All eyes have been on the UK for the past several months, as companies and individuals alike wonder what kind of shockwaves Brexit will send across the continent.
Multiple times throughout this past holiday season, border delays due to both COVID restrictions and new customs procedures led to massive backlogs at the borders and ports of entry to the United Kingdom. We had hundreds of trucks backed up at the border, hundreds of truckers who weren’t able to spend Christmas with their families, loads spoiled, appointments missed, and millions in wasted pounds and euros alike.
Within the transportation industry, all these changes and disruptions are having a massive impact on one group in particular: Europe’s smaller carriers.
Small carriers make up the backbone of the transportation industry all across Europe. Yet many of these companies — most of which have fewer than 50 trucks in their fleets — are struggling due to the tremendous volatility in loads being cancelled, delayed or rerouted.
COVID and Brexit are only complicating the situation, and it’s trucking companies that are feeling the brunt of the impact, at least for the moment. Over the past several weeks, there’s been little to no disruption in the amount of freight making it into Great Britain via the ports and container ships that collectively represent roughly 60% of the country’s import volume. However, with key terrestrial border crossings like the Eurochannel experiencing massive backlogs, first due to Britain’s new coronavirus strain, and later thanks to complications surrounding the Brexit rollout, means that available income for already-struggling trucking outfits is drying up further.
As of late last year, 15%, or roughly 60,000 carriers, were at risk of going under completely. If this were to happen, it would not only cause a massive loss in jobs across the continent and the potential for extreme consolidation within the sector; It would also severely disrupt the ability of companies in every industry to carry out their daily operations — an effect that could easily spiral completely out of control.
Especially with a potential recession impending due to the COVID lockdowns, the situation is growing grimmer and grimmer the further we get into 2021.
One of the best ways that these smaller organisations can get through this difficult time is by investing in the technologies that will enable them to both better compete with larger corporations, as well as to optimise their own operations. GPS tracking, for example, can help many smaller carriers better compete with their larger counterparts. However, only about 70% of carriers in Europe have GPS tracking. This means there are still roughly 2.4 million that need some help in getting up and running.
It can be very difficult for smaller operations to set aside the resources to invest in new technologies even in the best of times. With revenues drying up and operating costs rising through the roof these past several months, even getting a small number of trucks and trailers fully equipped with GPS devices can become an impossibly difficult task.
I recently spoke with a major chemical manufacturer about supply chain visibility. This shipper moves about 100,000 loads annually, and going forward they told me they will no longer be giving loads to carriers who are performing below 80% GPS tracking consistency. We’ve heard similar statements from multiple major shippers at this point, both in Europe and beyond. This means that there’s an opportunity for companies to stand out not because of the size of their operations, but by the sophistication of their technology. As we’ve said in the past, new technologies can actually level the playing field for smaller carriers, since it’s often easier to implement a new technology within a smaller operation than it is for one which has many more assets to worry about.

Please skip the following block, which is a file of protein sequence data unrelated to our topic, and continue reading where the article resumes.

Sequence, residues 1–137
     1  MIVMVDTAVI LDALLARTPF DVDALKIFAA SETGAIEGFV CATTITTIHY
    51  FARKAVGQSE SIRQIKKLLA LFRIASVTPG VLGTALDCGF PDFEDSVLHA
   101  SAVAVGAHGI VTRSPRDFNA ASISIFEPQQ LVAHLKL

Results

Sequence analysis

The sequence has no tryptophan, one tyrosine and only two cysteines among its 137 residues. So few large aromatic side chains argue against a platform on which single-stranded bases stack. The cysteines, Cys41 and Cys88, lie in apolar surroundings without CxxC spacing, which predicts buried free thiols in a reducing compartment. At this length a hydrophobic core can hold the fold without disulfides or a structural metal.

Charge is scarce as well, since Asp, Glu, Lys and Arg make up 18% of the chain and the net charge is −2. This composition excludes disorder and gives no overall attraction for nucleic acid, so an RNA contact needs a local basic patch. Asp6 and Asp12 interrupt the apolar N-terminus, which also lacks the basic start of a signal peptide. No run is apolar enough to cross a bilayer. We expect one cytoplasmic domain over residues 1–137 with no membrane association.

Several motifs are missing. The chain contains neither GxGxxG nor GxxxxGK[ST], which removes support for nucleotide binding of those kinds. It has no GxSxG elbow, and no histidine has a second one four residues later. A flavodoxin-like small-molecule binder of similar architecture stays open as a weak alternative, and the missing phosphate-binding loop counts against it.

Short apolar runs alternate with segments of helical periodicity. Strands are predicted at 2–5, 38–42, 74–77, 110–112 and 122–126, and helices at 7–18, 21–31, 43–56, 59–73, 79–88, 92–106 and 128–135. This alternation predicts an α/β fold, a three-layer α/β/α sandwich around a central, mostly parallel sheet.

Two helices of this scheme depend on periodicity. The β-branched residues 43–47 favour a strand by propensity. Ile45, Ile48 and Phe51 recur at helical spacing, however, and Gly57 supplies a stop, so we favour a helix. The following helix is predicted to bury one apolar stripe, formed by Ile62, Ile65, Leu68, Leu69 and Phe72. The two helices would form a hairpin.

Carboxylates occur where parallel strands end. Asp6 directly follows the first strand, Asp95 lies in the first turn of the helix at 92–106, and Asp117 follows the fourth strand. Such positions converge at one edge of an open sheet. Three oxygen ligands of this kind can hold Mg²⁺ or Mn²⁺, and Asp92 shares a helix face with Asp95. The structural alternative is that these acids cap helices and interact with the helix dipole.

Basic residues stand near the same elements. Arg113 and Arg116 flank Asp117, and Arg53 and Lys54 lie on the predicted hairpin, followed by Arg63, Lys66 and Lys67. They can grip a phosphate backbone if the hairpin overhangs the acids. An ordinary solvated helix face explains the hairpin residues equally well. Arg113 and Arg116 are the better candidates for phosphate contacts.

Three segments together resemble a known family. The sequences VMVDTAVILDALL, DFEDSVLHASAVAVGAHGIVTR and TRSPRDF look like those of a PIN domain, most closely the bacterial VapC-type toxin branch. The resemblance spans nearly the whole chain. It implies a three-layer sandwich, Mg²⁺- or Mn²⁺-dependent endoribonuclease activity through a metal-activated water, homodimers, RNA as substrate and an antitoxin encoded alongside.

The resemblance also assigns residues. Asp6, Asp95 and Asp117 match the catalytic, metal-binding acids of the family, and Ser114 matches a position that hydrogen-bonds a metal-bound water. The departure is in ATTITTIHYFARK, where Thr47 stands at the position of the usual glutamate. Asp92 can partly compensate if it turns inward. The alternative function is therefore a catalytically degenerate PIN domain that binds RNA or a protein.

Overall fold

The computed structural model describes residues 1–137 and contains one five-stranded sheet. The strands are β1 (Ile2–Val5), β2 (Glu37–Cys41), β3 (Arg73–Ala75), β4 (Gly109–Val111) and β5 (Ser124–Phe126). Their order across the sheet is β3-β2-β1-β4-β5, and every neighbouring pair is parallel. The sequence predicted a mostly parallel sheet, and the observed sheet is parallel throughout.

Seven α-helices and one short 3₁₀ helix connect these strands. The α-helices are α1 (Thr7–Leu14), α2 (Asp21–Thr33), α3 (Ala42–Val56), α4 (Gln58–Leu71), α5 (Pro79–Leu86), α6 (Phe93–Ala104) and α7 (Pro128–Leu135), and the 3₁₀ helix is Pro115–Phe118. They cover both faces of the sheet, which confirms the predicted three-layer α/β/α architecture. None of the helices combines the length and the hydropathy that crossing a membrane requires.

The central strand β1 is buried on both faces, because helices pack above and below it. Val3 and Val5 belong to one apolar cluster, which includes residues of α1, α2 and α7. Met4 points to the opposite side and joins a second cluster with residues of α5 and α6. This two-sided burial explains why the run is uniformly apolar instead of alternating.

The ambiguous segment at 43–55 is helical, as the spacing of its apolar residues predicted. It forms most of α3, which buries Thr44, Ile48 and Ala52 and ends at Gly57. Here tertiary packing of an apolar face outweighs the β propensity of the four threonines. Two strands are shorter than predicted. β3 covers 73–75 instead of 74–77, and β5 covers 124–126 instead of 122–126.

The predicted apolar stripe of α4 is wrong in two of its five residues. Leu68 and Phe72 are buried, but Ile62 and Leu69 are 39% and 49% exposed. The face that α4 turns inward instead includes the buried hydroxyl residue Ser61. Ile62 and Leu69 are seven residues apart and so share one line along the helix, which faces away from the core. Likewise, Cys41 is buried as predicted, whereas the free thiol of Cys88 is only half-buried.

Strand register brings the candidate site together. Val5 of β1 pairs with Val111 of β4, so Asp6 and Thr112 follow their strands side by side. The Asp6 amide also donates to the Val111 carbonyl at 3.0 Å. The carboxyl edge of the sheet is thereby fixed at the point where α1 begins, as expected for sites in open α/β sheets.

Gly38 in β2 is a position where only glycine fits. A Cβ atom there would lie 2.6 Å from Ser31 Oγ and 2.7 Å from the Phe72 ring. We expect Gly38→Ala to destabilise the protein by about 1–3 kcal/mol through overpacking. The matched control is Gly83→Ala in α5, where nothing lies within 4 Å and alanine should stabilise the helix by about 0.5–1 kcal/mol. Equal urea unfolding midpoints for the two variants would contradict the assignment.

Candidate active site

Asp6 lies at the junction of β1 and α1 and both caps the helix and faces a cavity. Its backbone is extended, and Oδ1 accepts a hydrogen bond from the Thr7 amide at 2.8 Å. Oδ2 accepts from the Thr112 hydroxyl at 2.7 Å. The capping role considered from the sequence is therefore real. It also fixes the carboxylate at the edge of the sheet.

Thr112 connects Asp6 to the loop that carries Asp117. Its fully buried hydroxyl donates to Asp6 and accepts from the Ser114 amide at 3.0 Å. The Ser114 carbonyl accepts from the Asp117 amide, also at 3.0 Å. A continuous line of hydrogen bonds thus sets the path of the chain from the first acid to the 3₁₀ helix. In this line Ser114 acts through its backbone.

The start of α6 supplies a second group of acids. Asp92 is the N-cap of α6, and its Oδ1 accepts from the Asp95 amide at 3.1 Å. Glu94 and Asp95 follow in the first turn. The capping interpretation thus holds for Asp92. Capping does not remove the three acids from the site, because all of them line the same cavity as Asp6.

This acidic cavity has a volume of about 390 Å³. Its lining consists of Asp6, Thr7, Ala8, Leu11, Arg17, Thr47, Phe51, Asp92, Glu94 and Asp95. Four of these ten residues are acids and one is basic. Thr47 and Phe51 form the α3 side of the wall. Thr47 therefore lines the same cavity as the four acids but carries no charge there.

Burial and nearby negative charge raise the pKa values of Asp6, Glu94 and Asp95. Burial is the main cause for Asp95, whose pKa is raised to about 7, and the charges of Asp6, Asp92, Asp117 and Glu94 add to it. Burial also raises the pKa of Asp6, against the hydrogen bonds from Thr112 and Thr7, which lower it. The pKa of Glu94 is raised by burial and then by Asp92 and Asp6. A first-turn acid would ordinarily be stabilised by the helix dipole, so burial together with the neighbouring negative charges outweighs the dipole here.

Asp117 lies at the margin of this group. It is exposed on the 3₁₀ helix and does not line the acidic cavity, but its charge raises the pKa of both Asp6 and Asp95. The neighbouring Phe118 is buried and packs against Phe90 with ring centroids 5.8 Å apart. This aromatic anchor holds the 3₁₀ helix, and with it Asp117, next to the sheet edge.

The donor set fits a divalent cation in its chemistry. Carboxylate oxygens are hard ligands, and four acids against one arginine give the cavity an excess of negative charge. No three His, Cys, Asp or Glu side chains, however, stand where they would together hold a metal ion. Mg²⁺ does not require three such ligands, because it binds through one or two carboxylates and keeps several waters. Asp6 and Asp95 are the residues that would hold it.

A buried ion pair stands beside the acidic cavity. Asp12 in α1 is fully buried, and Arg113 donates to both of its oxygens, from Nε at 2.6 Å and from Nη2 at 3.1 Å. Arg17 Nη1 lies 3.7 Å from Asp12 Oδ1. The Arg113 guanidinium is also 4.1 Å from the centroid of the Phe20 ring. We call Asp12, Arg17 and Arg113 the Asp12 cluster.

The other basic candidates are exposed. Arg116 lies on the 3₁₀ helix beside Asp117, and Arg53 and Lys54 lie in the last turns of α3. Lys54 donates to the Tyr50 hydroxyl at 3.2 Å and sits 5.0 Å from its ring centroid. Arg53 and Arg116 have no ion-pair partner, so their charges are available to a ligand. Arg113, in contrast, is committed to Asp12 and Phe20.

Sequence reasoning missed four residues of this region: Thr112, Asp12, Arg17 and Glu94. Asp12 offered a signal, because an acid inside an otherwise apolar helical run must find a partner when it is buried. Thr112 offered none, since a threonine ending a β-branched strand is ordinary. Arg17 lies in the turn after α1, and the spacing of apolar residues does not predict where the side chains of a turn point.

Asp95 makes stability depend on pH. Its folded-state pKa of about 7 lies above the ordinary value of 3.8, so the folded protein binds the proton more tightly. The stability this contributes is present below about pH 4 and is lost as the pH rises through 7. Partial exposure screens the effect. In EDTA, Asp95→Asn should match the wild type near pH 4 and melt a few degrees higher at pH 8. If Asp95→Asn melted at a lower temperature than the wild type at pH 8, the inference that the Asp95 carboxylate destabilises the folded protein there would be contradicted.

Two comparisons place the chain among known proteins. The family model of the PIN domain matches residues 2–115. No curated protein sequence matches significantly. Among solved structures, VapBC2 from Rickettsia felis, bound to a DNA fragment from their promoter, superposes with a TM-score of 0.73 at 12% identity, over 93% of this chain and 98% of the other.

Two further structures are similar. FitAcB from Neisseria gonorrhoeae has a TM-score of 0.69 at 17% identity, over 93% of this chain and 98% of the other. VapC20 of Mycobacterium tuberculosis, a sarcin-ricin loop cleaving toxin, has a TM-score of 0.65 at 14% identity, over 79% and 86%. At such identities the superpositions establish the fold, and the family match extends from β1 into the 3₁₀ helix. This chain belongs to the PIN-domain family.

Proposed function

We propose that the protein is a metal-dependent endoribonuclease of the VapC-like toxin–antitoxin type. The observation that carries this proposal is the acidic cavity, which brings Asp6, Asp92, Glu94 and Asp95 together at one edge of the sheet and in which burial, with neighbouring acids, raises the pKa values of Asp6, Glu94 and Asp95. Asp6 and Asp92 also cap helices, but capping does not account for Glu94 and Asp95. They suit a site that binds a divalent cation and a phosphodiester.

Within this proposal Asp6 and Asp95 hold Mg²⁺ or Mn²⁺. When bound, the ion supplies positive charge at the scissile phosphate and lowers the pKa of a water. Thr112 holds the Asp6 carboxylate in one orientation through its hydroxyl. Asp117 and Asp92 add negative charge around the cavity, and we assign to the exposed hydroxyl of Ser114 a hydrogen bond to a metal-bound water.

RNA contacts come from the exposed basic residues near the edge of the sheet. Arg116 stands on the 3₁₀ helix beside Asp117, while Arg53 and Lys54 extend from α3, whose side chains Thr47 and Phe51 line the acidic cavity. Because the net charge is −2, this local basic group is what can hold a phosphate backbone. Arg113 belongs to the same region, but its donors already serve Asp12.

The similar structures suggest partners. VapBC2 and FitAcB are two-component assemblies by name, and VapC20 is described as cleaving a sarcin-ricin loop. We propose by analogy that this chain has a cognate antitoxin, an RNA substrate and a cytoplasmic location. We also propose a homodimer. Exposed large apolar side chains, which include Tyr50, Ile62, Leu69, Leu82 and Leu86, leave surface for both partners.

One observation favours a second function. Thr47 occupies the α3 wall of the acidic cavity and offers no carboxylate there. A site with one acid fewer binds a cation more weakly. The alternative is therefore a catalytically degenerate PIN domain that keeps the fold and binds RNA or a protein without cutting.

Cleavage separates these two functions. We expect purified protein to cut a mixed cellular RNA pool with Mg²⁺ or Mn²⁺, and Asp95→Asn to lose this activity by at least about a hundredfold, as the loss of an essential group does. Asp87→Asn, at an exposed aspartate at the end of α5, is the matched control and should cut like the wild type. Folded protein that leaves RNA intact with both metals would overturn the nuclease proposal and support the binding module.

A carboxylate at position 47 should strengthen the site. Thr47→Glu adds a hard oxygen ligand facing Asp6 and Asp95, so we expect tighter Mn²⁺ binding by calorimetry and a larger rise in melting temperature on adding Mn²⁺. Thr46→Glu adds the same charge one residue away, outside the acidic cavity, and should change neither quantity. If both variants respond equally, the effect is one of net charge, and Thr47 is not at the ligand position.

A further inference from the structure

Because of this, many carriers currently choose to track via the driver’s personal cell phone, in the absence of having any other solution in place. There’s a lot of cell phone tracking currently going on in Europe, and it’s far from optimal or sustainable for the long-term. There are so many national borders in Europe, and each one has its own data charges for smartphones. As soon as they cross the border, their data charges increase significantly, and there’s no way the driver’s company is going to cover that. So many drivers simply switch off the tracker for the duration of the load.
To help solve this issue, FourKites is working with some of Europe’s largest GPS hardware providers to help smaller carriers get up and running GPS tracking technology at both a hardware and a software level, allowing them to differentiate their business and start to reap the benefits of digital connectivity for their own operations.
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There’s no question that the situation Europe’s smallest carriers are facing is a difficult one. On the one hand, expectations are rising on the part of large shippers and their customers, even as very low margins on the carrier side often prohibit all but the largest players from investing in the hardware and technology that’s actually needed to bring across this change.
The United States is relatively unique in its push for mandatory GPS tracking throughout the continental transportation sector. Here in Europe, we won’t be seeing any similar mandates coming along until at least 2025. Our hope is that we can help resolve this situation in a way that benefits all parties.
Contact us to learn more our supply chain visibility solutions in Europe.